As a relative newcomer to the field of trade journalism from broadcast engineering, I found myself seeing the terms “mobile” and “digital” used in completely different contexts than I was familiar with. Broadcast radio has always been mobile, and certainly has the potential to be digital. When speaking of new content and advertising initiatives, however, the terms now broadly refer to any platform such as smartphones, tablets and presumably the “connected car.”
Advertisers are constantly seeking new ways to reach their potential customers, no matter where they are, or what technology platform they are using. For many years, radio has been a primary means to accomplish this since at least some segment of their target audience listens to radio in various situations, and in various locations throughout the day. Radio is everywhere—in the home, in the car, at the office, and on the street or at the gym while walking or jogging. It has always been (and continues to be) a very widely used mobile platform for audio. There is apparently, however, a perception that radio is no longer a viable platform for reaching some of those mobile audiences. Look around, and you now see many people listening to audio from their smartphones far more than you see them listening to a portable radio. Combine this with the number of available content options in the car, and it is certainly understandable where the perception of radio as no longer being a mobile platform arises.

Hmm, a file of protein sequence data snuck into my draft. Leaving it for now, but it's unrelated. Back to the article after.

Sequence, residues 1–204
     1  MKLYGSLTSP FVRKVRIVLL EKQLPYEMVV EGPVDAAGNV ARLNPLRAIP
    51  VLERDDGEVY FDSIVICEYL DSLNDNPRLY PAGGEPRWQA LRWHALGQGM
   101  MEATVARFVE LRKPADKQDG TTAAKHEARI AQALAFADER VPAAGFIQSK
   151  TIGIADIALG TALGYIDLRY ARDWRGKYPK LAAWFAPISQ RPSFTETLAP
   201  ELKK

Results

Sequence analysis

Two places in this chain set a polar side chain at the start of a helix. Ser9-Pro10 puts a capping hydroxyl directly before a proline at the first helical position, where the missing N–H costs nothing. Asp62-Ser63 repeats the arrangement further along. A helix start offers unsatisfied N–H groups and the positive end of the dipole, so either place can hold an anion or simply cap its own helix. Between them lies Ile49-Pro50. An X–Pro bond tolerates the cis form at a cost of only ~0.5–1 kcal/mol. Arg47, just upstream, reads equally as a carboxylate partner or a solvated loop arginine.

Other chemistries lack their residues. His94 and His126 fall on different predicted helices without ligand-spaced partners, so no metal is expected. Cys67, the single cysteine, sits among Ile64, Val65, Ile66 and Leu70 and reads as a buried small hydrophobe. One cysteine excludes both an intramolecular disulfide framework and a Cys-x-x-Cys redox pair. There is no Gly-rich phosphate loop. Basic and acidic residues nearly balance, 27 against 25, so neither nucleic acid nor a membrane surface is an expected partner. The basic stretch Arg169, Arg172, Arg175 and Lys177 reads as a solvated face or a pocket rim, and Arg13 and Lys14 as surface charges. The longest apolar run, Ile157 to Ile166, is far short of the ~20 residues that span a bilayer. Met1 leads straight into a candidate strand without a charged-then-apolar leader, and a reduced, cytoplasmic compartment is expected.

While it certainly is true that people are using smartphones in almost every aspect of their daily lives, many still listen to radio on a regular basis. A number of people listen to station streams via their smartphones, but are quickly discovering that their data usage and costs are skyrocketing as a result. One solution to this is to incorporate FM receivers into smartphones. According to a recent study by Coleman, many would reportedly like to have radio in their smartphones. This month, we cover the Emmis NextRadio project, which aims to work with broadcasters and cellular providers to do exactly that.
For advertisers, one big reason why digital platforms have become so appealing is near real-time feedback on the reach and effectiveness of their campaigns. Radio has been able to deliver listener numbers through ratings services, however, there has never been any good way to quickly measure listener engagement or response to a particular ad campaign for radio with the same level of accuracy as other platforms. Projects such as NextRadio have the potential to change this by combining the best of broadcast radio and data services. Emmis CEO Jeff Smulyan has been quoted as saying we need to make radio “cool” again—I''m not so sure it needs to be “cool” as much as it needs to be relevant and accessible to consumers while being appealing to advertisers. Making broadcast FM radio available to consumers again on a platform that they carry with them constantly, while combining it with the interactivity they have come to expect from other media apps on their smartphone is certainly a technological step in the right direction.